The development of anti-platelet factor 4 (PF4) antibodies is linked to a rare thrombotic complication described now as vaccine-induced immune thrombotic thrombocytopenia (VITT). This clinical syndrome with thrombosis and thrombocytopenia was reported after exposure to the Oxford-AstraZeneca COVID-19 vaccine, ChAdOx1 nCoV-19 vaccine (AZD1222), and Ad26.COV2.S vaccine (Janssen/Johnson & Johnson). In the absence of the clinical features, the incidence of positive anti-PF4 antibodies in asymptomatic individuals post-vaccination is unclear.Methods
The aim of this study was to evaluate the development of anti-PF4 antibodies in asymptomatic individuals 14–21 days after receiving the first dose of ChAdOx1 nCoV-19 vaccine (AZD1222) and BNT162b2 vaccine. Prospectively, we collected serum from individuals before and after ChAdOx1 nCoV-19 vaccine and BNT162b2 vaccine and measured anti-PF4 antibodies using the Asserachrom HPIA IgG ELISA (Stago, Asnieres, France).Results
We detected positive anti-PF4 antibodies in 5 of 94 asymptomatic individuals post-vaccine with a rate of 5.3% with low titers (OD 0.3–0.7). Four of 5 individuals who tested positive after the vaccine had also positive anti-PF4 antibodies before the vaccine, which indicates that a majority of the positive results are due to preexisting anti-PF4 antibodies. We did not find a relation between the development of anti-PF4 antibodies and the immune response to the vaccine, status of prior COVID-19 infection, and baseline characteristics of participants. None of the participants developed thrombosis nor thrombocytopenia.Conclusion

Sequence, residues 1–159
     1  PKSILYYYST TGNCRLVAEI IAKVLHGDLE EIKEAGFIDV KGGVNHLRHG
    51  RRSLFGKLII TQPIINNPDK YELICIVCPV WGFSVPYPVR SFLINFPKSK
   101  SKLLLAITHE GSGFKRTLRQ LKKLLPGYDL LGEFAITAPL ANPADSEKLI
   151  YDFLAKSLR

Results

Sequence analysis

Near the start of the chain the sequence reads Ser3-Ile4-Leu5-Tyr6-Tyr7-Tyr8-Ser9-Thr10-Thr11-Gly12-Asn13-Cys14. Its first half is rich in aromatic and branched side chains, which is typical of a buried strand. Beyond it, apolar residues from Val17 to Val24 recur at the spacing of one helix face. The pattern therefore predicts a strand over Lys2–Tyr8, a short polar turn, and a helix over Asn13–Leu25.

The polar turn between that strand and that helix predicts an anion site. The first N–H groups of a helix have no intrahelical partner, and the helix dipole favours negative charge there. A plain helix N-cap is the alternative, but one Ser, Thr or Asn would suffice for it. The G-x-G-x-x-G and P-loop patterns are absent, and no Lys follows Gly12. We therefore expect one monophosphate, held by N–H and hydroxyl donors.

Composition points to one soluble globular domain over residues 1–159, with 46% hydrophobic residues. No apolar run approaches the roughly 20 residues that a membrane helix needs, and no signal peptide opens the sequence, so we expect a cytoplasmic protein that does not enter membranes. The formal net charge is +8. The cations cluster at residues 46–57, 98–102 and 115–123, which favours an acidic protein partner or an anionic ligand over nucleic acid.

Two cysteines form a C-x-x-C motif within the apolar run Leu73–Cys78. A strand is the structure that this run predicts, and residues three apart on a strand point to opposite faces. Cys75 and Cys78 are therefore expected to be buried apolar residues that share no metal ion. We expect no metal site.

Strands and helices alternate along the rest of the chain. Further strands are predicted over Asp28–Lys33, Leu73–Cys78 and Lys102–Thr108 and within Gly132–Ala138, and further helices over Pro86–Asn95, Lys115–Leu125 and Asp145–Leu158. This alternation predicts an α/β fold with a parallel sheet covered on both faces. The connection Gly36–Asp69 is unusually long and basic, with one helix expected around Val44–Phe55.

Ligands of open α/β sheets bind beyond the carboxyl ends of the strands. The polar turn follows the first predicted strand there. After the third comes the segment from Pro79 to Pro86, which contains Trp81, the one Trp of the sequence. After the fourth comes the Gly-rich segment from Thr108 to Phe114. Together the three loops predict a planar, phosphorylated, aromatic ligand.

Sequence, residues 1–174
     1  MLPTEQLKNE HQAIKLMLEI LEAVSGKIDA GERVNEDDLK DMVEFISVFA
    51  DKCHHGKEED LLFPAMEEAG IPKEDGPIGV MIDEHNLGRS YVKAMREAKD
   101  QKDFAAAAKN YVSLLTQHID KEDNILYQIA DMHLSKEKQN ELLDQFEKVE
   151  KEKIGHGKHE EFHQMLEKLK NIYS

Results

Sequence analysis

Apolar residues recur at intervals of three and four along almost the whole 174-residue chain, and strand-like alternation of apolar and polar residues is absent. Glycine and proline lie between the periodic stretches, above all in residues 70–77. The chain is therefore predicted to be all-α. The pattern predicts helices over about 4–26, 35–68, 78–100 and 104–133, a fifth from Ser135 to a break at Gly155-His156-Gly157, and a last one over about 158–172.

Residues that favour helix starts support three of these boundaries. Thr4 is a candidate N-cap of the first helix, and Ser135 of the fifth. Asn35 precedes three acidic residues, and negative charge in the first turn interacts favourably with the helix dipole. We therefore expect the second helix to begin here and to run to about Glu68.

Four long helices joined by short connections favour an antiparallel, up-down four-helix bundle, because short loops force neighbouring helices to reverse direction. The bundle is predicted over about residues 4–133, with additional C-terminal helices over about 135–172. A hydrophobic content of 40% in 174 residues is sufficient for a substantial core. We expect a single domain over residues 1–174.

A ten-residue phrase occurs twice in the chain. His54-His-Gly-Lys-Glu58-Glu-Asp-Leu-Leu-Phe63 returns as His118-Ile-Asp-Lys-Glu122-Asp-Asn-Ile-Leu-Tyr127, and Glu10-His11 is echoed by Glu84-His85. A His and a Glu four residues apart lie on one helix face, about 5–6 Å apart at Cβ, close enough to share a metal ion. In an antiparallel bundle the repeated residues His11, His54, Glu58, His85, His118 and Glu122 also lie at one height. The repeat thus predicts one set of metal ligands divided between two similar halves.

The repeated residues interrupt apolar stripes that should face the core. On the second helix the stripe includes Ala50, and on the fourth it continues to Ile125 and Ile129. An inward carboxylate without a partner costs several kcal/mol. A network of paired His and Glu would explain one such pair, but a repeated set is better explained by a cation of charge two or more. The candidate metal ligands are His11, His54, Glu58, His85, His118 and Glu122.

Our results provide new evidence to guide the diagnostic algorithm of suspected cases of VITT. In the absence of thrombosis and thrombocytopenia, there is a low utility of testing for anti-PF4 antibodies.